Pumpkins are one of the most popular harbingers of autumn, especially for children, who love to visit pumpkin farms and pick out the perfect gourd for carving. Many churches, however, are hesitant to celebrate the supernatural or scarier aspects of Halloween, preferring instead to focus on the harvest and the eternal lesson of God’s love and forgiveness. For these churches, alternatives to traditional pumpkin crafts may be desired.
Pumpkin carving doesn’t have to mean creating a scary jack-o-lantern. Instead, children’s churches can use the activity to teach about God. After an adult carves open the top of the pumpkin (or pumpkins), have the children scoop out the “icky” insides while explaining that God does the same for us when he forgives our sins. Then, have the children brainstorm some symbols of God for the pumpkin, such as a cross, heart, or even the word “Jesus.” After the adult carves out the agreed-upon design, place a candle in the pumpkin and explain that when our sins our forgiven and we accept Jesus into our hearts, it allows His light to shine through us just as the candle light shines through the holes in the pumpkin.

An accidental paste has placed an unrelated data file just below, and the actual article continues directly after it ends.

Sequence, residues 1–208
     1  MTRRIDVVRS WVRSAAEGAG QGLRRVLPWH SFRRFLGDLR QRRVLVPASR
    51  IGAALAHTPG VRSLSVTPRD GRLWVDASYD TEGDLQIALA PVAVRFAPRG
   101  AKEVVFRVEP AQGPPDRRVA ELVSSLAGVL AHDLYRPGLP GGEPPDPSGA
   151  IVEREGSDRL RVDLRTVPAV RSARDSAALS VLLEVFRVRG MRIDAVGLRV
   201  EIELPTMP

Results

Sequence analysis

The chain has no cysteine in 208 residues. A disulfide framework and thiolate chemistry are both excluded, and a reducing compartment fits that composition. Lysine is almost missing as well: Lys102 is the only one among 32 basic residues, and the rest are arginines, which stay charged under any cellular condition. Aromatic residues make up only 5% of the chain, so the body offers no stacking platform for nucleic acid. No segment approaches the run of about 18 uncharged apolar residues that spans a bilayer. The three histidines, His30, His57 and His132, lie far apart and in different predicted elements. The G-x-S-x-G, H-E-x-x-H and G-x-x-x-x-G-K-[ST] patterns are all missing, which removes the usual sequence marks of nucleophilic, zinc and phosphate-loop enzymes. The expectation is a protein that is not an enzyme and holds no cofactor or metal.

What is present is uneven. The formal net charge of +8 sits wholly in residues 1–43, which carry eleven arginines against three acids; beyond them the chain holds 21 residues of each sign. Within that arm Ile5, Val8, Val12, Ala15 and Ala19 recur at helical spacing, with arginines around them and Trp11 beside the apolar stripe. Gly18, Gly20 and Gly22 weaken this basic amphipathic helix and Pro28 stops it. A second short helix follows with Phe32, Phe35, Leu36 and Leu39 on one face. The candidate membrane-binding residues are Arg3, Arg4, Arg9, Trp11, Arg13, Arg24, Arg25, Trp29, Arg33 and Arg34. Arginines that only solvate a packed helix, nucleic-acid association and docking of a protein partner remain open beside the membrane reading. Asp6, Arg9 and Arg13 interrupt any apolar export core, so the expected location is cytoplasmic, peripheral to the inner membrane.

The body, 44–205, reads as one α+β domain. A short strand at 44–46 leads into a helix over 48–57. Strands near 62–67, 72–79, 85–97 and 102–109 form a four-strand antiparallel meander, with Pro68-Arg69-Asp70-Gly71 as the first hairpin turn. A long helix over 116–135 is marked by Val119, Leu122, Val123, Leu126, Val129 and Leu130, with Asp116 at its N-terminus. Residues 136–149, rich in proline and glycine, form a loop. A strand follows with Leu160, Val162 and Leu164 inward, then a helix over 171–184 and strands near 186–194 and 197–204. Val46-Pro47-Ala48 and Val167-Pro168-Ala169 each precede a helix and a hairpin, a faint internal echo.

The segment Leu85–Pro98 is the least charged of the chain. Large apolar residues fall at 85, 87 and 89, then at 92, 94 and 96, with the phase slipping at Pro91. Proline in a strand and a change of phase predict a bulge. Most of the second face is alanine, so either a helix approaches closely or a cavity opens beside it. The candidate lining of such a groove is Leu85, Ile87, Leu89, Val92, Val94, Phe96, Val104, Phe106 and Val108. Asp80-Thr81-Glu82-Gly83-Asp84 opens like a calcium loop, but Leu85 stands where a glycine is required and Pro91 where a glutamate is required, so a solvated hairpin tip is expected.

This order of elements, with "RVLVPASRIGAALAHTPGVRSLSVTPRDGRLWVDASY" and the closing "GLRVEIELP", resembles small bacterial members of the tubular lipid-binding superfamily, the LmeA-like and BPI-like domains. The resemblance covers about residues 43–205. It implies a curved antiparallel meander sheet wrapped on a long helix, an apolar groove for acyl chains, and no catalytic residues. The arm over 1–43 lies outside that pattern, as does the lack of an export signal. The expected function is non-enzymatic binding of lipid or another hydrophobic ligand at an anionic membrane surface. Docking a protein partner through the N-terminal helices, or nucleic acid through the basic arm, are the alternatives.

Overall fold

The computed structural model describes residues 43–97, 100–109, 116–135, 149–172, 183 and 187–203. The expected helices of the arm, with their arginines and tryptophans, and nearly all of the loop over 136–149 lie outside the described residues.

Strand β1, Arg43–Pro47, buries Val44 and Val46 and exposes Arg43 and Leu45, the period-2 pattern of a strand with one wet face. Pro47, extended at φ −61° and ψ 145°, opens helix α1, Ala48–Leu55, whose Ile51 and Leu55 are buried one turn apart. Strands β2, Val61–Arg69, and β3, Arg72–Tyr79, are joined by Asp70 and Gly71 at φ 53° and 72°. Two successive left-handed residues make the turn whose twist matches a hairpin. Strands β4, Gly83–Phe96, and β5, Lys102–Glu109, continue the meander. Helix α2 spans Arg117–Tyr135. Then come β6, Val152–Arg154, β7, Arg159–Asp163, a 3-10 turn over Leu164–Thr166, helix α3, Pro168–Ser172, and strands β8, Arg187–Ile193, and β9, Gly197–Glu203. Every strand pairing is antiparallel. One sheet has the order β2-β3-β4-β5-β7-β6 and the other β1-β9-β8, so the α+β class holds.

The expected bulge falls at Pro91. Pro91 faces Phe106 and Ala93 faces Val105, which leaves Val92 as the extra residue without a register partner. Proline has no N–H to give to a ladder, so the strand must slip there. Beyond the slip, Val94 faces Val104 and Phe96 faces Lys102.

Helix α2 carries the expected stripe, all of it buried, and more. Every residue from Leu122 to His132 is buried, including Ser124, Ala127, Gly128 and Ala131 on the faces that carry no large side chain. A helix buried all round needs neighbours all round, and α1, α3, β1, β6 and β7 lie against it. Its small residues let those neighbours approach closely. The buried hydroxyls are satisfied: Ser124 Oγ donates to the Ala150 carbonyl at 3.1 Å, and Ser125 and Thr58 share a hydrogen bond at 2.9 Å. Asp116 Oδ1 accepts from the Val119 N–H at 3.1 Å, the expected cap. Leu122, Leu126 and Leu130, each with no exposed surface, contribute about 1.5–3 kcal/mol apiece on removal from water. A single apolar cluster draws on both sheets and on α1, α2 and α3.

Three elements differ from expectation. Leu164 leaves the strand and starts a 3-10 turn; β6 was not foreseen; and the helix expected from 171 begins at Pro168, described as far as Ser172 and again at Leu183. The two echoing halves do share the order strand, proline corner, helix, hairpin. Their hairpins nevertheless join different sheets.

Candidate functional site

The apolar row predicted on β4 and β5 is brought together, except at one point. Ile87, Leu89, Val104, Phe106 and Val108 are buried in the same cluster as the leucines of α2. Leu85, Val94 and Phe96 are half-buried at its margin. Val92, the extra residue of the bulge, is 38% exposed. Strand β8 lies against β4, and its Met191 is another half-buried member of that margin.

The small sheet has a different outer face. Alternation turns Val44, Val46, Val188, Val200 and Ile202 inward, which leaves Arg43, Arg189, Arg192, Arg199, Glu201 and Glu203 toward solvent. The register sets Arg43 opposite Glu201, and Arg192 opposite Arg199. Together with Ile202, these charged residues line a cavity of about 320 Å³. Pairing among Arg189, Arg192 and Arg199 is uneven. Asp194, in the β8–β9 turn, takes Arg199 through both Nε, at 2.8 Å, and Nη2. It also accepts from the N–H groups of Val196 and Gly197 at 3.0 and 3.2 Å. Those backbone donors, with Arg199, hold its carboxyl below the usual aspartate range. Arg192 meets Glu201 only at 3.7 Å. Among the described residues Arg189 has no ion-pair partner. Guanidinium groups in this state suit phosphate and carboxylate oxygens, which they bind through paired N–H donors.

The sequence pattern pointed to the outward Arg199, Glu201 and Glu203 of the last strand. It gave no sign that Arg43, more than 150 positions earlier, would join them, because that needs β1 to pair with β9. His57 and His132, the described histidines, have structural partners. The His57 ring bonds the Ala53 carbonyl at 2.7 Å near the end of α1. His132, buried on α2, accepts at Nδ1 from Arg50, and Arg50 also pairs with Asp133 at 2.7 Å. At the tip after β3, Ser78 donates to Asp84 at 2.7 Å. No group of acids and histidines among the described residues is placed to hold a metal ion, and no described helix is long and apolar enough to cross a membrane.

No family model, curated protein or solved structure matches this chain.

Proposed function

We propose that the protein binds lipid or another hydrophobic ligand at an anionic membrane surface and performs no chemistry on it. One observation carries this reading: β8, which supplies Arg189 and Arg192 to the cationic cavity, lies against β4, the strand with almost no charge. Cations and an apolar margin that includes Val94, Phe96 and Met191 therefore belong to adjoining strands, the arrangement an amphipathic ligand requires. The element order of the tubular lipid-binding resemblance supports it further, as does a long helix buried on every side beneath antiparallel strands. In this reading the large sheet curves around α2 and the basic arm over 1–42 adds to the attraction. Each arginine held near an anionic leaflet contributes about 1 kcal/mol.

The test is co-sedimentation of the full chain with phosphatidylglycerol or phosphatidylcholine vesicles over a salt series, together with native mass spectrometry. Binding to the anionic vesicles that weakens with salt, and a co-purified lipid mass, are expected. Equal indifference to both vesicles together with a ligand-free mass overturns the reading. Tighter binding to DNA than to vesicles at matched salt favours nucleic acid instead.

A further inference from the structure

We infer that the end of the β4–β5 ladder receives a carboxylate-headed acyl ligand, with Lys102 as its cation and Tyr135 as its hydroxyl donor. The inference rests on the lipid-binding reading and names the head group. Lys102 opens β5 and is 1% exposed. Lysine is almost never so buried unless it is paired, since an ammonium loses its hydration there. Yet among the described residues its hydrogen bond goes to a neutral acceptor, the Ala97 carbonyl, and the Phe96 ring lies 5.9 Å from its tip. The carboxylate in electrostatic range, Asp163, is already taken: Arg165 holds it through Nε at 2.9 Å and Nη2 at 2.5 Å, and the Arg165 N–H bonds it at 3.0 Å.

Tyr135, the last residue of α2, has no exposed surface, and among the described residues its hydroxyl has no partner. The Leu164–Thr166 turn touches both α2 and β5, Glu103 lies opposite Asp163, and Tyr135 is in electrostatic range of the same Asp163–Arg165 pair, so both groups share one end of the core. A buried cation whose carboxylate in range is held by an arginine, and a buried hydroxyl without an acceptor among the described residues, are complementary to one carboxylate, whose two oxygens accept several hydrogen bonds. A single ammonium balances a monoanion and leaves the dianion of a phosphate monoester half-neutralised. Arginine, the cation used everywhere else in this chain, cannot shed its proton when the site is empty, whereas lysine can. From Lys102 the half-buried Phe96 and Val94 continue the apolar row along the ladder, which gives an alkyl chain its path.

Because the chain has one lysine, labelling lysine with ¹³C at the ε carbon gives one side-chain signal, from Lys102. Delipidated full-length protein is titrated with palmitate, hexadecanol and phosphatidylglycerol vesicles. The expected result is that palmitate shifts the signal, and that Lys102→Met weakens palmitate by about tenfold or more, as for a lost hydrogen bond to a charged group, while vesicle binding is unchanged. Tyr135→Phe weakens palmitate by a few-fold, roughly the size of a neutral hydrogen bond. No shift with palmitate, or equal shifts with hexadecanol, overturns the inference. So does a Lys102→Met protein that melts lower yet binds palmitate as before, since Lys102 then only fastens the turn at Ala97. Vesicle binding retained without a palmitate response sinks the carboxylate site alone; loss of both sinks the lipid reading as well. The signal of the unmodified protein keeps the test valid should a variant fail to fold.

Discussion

Estimating and Creating
Hold up three or four pumpkins of different shapes and sizes. Ask the students to estimate which is the heaviest pumpkin and which has the most seeds. With an adult’s help, cut open the pumpkins and scoop out the seeds. Count the seeds (this is a good opportunity to practice counting by 2s or 5s). In most cases, the largest pumpkin will not contain the most seeds. In some cases, the largest pumpkin will not even be the heaviest pumpkin. Explain that pumpkins are just like people: The way they look on the outside might not tell what they are like on the inside. Remind the students that God looks at the heart, not the outward appearance of people. Then, wash and dry the seeds, and give a handful to each child, along with other scraps and materials of your choice (such as fall leaves, nuts, and other seeds) so that each child can create an autumn collage, or fill in the outline of a pumpkin on a piece of paper.
Arrange the children into small groups, and give each group several gourds, including small pumpkins, and paper plates filled with paint. Have the children dip the gourds into the paint and use them as stamps. Alternately, have the children paint the gourds and pumpkins using paintbrushes. Suggest family-friendly designs such as happy faces, animals, and other non-scary subjects. Pass out yarn and press-on “googly” eyes for the final touches. This is a good activity for very young children who might not understand or be able to sit through the lessons of the above two activities.